Steve Martin, director David Frankel and Jack Black on the set of The Big Year

One of the biggest mistakes critics and audiences made last year was the complete dismissal of The Big Year. I include myself in that statement, as I saw it just recently. The lack of box office and mixed-at-best reviews were mostly a result of misplaced expectations. When a film’s poster sports the likes of Owen Wilson (Wedding Crashers), Steve Martin (Father of the Bride) and Jack Black (The School of Rock), one can hardly be blamed for thinking a group of comedians normally known for their scene-chewing and pratfalls were up to their normal shtick. In truth, director David Frankel, helmer of The Devil Wears Prada, Marley and Me, the “Entourage” pilot, and some of the best episodes of “Sex and the City,” took the comedic trio in an entirely different direction. The Big Year follows these three lead characters on a year-long journey to travel the world and see who can claim to have seen the most species of birds. A cast of all-stars plays their parents (Brian Dennehy), accomplices (Angelica Huston), spouses (Rosamund Pike), and love interests (Rashida Jones), all affected in different ways by the men’s  obsessions.  With its subtle humor, affection for its characters, and its insights into the human quest for excellence, The Big Year felt like a film that easily could have been made in the seventies by the likes of by Hal Ashby (Harold and Maude), Arthur Hiller (The Hospital), Arthur Penn (Alice’s Restaurant), or George Roy Hill (The Sting). The Big Year comes to DVD today and to celebrate, I spoke with Frankel about filming all over the world and working with this esteemed cast.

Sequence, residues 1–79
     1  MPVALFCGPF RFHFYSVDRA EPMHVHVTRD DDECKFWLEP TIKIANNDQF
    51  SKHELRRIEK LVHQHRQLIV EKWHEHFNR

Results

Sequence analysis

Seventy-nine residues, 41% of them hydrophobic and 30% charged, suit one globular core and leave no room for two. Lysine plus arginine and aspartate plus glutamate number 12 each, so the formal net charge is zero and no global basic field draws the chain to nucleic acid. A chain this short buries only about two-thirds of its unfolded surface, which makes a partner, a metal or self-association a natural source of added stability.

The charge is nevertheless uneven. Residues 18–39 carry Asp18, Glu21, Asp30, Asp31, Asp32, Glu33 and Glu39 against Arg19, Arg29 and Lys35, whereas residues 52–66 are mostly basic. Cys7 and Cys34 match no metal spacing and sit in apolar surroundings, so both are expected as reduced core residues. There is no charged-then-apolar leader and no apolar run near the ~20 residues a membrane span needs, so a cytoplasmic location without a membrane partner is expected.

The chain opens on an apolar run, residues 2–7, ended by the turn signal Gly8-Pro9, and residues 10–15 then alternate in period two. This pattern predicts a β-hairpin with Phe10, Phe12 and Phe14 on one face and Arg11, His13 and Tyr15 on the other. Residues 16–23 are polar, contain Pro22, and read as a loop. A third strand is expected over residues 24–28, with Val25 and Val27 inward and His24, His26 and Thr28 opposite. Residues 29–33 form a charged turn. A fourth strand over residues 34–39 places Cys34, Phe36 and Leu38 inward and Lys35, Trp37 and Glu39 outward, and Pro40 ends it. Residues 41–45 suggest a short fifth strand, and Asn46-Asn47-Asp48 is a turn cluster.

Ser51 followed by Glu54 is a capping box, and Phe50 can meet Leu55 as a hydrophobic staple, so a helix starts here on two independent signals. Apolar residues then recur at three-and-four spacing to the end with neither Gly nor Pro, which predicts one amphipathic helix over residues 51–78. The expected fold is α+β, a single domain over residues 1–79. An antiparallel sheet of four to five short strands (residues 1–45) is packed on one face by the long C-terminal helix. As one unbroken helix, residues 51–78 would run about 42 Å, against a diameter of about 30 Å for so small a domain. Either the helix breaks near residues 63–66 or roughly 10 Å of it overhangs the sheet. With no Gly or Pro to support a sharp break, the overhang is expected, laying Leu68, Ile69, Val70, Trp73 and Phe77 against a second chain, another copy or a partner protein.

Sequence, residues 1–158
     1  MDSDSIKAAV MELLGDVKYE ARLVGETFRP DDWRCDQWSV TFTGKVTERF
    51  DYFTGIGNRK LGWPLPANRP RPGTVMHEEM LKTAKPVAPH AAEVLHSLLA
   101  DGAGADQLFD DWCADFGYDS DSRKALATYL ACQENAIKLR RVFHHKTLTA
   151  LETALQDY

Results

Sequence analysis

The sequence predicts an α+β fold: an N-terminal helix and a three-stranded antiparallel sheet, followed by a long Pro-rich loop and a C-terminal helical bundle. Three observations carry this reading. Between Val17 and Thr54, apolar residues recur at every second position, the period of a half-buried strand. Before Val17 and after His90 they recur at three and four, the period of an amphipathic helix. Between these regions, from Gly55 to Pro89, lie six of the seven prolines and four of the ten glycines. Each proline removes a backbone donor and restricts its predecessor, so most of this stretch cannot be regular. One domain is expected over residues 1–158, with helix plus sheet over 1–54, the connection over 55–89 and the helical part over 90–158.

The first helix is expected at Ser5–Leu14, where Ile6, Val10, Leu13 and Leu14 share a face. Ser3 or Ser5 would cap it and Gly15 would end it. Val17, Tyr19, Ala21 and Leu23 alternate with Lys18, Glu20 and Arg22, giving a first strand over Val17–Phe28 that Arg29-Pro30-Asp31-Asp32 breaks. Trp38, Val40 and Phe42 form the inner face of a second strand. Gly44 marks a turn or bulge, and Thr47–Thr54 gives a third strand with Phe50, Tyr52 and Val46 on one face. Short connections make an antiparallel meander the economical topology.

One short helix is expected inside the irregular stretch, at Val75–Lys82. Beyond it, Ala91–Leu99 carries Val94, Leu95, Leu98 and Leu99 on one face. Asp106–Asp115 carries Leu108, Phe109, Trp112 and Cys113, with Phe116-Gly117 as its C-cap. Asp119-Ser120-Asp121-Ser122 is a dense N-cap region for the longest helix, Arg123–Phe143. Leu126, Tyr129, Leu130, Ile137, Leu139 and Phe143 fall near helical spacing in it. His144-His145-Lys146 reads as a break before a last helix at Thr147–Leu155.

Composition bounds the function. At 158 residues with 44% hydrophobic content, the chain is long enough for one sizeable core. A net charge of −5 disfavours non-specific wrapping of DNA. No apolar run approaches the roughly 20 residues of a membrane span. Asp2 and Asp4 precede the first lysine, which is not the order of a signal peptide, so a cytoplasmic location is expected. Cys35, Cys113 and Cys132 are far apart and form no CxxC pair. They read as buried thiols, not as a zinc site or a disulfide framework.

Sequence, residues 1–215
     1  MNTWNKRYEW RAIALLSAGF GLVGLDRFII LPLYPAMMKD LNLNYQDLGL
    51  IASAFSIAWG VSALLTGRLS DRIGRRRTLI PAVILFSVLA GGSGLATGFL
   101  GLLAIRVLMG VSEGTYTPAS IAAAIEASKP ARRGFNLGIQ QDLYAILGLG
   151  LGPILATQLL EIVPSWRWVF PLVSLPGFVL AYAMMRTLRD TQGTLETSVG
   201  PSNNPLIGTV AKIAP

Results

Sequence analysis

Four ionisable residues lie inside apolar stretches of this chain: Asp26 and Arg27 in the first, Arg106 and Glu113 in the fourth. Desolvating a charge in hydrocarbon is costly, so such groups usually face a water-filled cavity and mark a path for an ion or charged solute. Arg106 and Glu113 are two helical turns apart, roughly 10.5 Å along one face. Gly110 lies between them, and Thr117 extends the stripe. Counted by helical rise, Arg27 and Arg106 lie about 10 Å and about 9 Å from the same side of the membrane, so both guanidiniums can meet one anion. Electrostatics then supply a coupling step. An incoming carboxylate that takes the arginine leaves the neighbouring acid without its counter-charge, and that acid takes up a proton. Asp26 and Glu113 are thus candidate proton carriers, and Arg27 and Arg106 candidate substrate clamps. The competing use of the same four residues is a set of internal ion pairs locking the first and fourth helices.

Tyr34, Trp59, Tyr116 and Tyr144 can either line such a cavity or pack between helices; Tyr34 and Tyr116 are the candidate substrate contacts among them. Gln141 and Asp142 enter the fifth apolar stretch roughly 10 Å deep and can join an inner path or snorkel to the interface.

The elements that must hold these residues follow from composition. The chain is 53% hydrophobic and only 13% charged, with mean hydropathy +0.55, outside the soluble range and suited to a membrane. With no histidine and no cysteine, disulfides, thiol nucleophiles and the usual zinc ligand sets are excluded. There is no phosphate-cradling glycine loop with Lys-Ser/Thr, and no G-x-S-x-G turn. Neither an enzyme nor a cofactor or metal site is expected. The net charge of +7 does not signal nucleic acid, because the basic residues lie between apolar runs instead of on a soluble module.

Jackson Truax: It sounds like you fell in love with the script when you read it in 2006. How did it come to your attention?

David Frankel: My representatives sent it to me. They read a lot of stuff. This screenplay stood out to them. Even though they didn’t know what to make of the subject matter, my agent and my manager fell in love with the characters. When the script got to my desk…there was just no way I was going to make a movie about birds. Then two pages in, I was hooked. I fell in love with the characters, and the cinematic potential of the movie seemed really inspiring to me. The opportunity to explore the themes in the screenplay, the nature of competition, the struggle to be excellent at something, and that profound desire to get outside your everyday life and reveal your talents to the world, and the sacrifices to be great at something and fulfill your ambition. Those are all themes that are near to my heart and very personal to me. So for all those reasons, the movie was really compelling.